Getting ready for big party

This Friday begins the great countdown to the 150th anniversary of Canada.
On the 149th anniversary of Confederation, we will begin making preparations for the grand celebration one year from now.
This past month, my wife and I were fortunate to visit Newfoundland—the last province on our list of places to see. It has a different history than the rest of Canada having been a colony of Great Britain through to 1948, and has its own customs and special celebrations.
Newfoundlanders, for instance, solemnly will mark the 100th anniversary of the Battle of Beaumont Hamel on the morning of July 1 and then a huge celebration will ensue in the afternoon.
That WWI battle, and the loss of life, are of great importance to Newfoundlanders while few Canadians in the rest of the country are familiar with it.
My grandparents had immigrated at the turn of the 20th century to Saskatchewan, and their families acquired homesteads near Perdue and Biggar. Both the Ribchester and the Cumming families had left Scotland, travelling by ship to Montreal and then by train across the nation to Saskatchewan.
We have a picture of my grandmother going into a sod hut with a gun and some gophers. The Cumming family eventually left the homesteads and moved to Saskatoon and Yorkton.
I can’t imagine what it was like to live in a sod hut at the turn of the century. I thought about this as we visited fishing villages hanging on the edge of water in Newfoundland, most of which had been settled by Irish families who chose not to travel back to Ireland at the end of the fishing season in the late 1700s.
The land is bleak, and the North Atlantic can howl with fierceness that is hard to imagine.
On my wife’s side of the family, her relatives arrived in Canada as Empire loyalists following the American Revolution. Records indicate they began farming in what is now downtown Toronto.
When I was president of the Canadian Community Newspapers Association, I had the opportunity to meet with publishers of many ethnic papers published across Canada for immigrants. Two of the oldest papers are the Ming Pao Daily News and the Sing Tao of Vancouver.
With its large Chinese population, the papers speak to the needs of those Chinese-Canadian communities.
Those communities of people, along with communities of Hindus, Sikhs, Thais, Jamaicans, Greeks, Italians, and most recently, Syrians, all chose Canada—for one reason or another—to live and raise their families.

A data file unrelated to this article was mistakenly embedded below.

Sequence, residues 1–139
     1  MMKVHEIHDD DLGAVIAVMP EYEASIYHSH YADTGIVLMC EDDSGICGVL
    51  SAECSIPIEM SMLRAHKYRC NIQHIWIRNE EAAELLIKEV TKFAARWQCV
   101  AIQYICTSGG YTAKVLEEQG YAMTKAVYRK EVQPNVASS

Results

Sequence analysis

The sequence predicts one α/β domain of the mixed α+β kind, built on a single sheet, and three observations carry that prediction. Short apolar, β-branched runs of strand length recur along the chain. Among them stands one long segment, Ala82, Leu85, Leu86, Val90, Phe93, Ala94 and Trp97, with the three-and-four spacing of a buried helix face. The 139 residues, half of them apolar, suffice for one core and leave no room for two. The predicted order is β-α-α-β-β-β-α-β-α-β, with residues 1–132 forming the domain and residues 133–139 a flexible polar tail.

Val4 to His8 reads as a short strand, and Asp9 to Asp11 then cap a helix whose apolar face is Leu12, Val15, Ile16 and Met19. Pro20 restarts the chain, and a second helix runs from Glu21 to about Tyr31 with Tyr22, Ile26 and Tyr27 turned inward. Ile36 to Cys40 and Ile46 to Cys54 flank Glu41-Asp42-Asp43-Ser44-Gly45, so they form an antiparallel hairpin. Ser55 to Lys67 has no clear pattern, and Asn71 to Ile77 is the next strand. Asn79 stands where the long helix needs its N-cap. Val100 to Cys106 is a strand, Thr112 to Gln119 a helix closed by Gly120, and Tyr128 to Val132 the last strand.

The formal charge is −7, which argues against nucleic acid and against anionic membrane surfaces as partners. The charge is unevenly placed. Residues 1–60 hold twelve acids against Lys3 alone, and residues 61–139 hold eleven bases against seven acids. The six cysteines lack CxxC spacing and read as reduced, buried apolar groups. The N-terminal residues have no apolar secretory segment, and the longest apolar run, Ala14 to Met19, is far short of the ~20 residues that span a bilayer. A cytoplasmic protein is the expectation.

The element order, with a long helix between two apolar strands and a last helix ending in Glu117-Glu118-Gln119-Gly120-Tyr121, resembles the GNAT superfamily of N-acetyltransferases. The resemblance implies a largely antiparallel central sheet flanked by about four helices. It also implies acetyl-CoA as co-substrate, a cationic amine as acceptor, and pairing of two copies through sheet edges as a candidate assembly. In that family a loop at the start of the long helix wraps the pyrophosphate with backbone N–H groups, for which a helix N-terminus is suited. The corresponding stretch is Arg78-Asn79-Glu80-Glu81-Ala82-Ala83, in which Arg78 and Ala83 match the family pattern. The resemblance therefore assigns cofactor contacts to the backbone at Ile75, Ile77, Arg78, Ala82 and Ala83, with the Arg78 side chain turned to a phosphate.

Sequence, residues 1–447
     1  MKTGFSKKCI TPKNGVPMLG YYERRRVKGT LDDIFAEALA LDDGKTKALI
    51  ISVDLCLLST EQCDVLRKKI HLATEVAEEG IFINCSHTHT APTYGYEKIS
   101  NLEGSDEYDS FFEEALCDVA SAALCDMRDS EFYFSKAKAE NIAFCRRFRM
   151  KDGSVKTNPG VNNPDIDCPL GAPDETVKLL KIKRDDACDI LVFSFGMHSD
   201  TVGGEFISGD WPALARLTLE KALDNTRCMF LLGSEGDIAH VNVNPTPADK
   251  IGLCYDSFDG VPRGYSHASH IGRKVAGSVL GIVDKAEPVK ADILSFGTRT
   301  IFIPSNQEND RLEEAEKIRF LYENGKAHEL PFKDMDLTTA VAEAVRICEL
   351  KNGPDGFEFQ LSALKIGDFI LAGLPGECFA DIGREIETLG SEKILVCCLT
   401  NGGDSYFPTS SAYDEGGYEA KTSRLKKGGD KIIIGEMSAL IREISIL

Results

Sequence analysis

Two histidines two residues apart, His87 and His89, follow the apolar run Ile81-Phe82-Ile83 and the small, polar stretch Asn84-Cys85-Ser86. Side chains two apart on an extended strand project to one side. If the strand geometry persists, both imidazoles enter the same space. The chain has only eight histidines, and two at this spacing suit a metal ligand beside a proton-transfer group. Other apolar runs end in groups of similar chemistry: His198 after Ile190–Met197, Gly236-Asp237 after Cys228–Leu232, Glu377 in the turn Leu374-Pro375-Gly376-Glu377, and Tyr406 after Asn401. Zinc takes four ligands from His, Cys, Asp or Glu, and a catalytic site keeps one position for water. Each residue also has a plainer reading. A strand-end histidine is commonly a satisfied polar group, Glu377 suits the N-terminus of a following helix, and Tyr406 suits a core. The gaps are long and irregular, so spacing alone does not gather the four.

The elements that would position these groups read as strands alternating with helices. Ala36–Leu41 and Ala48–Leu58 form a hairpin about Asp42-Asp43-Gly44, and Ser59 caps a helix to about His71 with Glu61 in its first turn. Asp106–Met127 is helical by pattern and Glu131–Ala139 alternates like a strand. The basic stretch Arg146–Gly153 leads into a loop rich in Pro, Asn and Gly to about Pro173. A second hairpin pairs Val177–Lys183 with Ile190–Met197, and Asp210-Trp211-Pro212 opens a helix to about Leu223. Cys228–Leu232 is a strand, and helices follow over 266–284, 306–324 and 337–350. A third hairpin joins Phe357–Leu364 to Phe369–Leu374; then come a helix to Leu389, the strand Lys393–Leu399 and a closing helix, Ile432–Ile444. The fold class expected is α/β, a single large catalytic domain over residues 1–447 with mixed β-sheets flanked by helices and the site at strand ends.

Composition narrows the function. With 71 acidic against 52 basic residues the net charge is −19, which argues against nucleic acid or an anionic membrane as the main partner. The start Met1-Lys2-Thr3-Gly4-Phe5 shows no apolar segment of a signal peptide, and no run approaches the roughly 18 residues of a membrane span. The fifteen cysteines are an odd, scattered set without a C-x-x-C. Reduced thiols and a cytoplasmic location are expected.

It was fascinating and informative to listen to people of different ethnic backgrounds talk of their decisions to choose Canada.
Vancouver and Toronto are the most cosmopolitan cities, with the greatest number of ethnic communities in the world. Our diversity and the variety of cultures are important to our history.
Our diversities, which can be seen in every provincial legislature and the House of Commons, make us unique.
Last week, the Globe and Mail published “Chop Suey Nation: A road trip uncovers the lives behind small-town Chinese Canadian Food.”
Ann Hui travelled from Victoria to Fogo Island in Newfoundland writing about the immigrants who have created Canadian-Chinese cafes across the country. Today, those restaurants are a Canadian tradition in every community and the menus change according to the writer as she travelled across provinces.
We owe the immigrant owners a debt of gratitude creating this Canadian food culture.
We have learned that we all can be Canadians, but it also is important that we can maintain our heritage—whether we are indigenous, Métis, Ukrainian, French, Pakistani, East Indian, Korean, Hindu, Sikh, Scottish, Filipino, or of any ethnic background.
Our differences have made Canada stronger. Every immigrant family has stories to tell and share on why they chose Canada to live in.
And “Canada 150” will be a great party to celebrate how this country has welcomed so many immigrants.
Let’s begin celebrating our Canadian culture this weekend.

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